Before Sommore found the time to talk to us, comedy lost one of its most groundbreaking performers when Joan Rivers died last week at age 81.

Even though they are from different generations and may have attracted different audiences, you could almost see Rivers and Sommore as kindred spirits.

“She was definitely my inspiration when it came to doing stand-up. She was the one. That was it for me.” Sommore said. “She was definitely a girly girl but she was able to hang with the boys.”

That last statement encapsulates Sommore and her comedy. You could argue that while Rivers was an inspiration to female comics, Sommore, with her successful career as a stand-up comic, entertainer and businesswoman, has had a similar impact on black comediennes that followed in her footsteps.

The New Jersey native wasn’t always a comedienne. She earned her bachelor’s degree in business administration and mathematics from Morehouse College in Atlanta. She taught and later owned and operated a few businesses. In the early ’90s she made the jump to stand-up.

“I wanted to be an adult comedienne, I wanted to say the things women were thinking about but not saying and I was going to go for it,” Sommore recalls.

With her delivery of crude, honest, in-your-face humor combined with an always-classy appearance, it didn’t take long for the comedy community to take notice. In the ’90s, she was the first woman to host BET’s Comic View, along with Russell Simmons’ Def Comedy Jam and Showtime at the Apollo.

But in 2000, Sommore saw another interesting opportunity. She had seen the success of the Kings of Comedy tour featuring Steve Harvey, D.L. Hughley, Cedric the Entertainer and the late Bernie Mac, which was later turned into the Spike Lee-directed stand-up film The Original Kings of Comedy.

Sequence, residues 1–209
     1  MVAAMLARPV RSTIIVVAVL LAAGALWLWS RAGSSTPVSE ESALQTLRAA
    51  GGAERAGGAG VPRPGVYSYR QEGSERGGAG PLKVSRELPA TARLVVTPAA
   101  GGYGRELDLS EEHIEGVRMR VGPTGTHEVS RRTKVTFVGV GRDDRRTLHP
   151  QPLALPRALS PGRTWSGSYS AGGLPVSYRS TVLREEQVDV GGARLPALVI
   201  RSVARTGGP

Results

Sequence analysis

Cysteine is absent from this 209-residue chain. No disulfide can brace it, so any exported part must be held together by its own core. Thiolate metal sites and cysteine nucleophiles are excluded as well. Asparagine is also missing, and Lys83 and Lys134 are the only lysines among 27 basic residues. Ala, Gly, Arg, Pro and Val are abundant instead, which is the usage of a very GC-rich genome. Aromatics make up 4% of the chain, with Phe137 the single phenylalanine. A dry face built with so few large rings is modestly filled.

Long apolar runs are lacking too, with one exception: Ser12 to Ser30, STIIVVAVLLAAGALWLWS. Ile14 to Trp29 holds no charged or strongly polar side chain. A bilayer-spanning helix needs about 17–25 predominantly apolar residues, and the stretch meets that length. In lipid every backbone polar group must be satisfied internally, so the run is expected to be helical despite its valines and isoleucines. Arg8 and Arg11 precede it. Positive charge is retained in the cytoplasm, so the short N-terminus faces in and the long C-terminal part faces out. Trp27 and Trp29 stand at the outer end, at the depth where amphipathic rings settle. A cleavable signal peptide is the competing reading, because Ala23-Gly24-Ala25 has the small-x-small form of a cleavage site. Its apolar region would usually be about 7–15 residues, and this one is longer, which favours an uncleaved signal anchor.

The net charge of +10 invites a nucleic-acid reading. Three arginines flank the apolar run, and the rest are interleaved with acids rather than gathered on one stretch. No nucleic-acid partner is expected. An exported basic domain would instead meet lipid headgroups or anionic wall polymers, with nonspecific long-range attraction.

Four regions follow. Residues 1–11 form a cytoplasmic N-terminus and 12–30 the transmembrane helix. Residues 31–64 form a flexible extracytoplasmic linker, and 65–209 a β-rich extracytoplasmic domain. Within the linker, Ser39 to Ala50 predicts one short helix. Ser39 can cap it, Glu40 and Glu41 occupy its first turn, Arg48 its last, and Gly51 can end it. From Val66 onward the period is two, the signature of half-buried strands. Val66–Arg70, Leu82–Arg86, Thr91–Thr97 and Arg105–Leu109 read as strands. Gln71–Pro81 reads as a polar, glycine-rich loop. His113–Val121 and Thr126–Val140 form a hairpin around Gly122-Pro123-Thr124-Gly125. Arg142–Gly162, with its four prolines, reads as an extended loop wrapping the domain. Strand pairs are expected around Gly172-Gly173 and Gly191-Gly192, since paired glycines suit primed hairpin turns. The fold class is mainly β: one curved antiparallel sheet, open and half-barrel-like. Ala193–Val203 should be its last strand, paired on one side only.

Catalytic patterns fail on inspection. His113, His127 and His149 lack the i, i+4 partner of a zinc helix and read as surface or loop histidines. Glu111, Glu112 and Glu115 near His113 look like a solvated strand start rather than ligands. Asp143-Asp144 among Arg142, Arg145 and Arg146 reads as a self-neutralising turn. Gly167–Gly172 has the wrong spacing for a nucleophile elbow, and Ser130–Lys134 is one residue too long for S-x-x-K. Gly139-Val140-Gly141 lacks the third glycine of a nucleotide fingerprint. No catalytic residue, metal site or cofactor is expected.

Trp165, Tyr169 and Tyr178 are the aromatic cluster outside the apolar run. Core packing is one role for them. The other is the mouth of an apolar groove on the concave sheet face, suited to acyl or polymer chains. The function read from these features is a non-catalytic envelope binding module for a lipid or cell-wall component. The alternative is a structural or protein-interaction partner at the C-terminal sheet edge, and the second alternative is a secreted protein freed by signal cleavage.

Sommore went to the show’s producer, Walter Latham, and pitched the idea for a Queens of Comedy tour. Despite her pedigree, she had a fight on her hands.

“He said, ‘there are no queens,'” Sommore recalls. “I said, ‘There are queens and I’m going to go get them and I’m going to show you.”

Sure enough, Sommore, along with comediennes Laura Hayes, Adele Givens and Mo’Nique, formed The Queens of Comedy, which went on to have its own tour, Showtime stand-up special and DVD.

Since then, Sommore has kept busy performing on the road, making appearances in films, TV shows and special televised events. As one of the self-proclaimed Queens of Comedy, she continues to keep her comedy smart. Along with solo stand-up specials like 2008’s The Queen Stands Alone and 2013’s Chandelier Status, she has headlined and organized the urban comedy showcase, The Royal Comedy Tour, since 2009.

But Sommore’s most recent project is a homecoming of sorts. BET asked her to once again serve as host of Comic View, which returned this month after a five-year hiatus.

Sommore thinks the show’s display of up-and-coming comedians is just as important now as it ever was.

“As long as there’s a new day, there’s a new joke,” Sommore said. “I always say if you want to know what’s going on in any community, listen to what comedians are talking about.”

If you want to know what Sommore is talking about, you’ll have a chance when she makes her first appearance at Comedy Off Broadway.

Blake Hannon is a Mt. Sterling-based writer.

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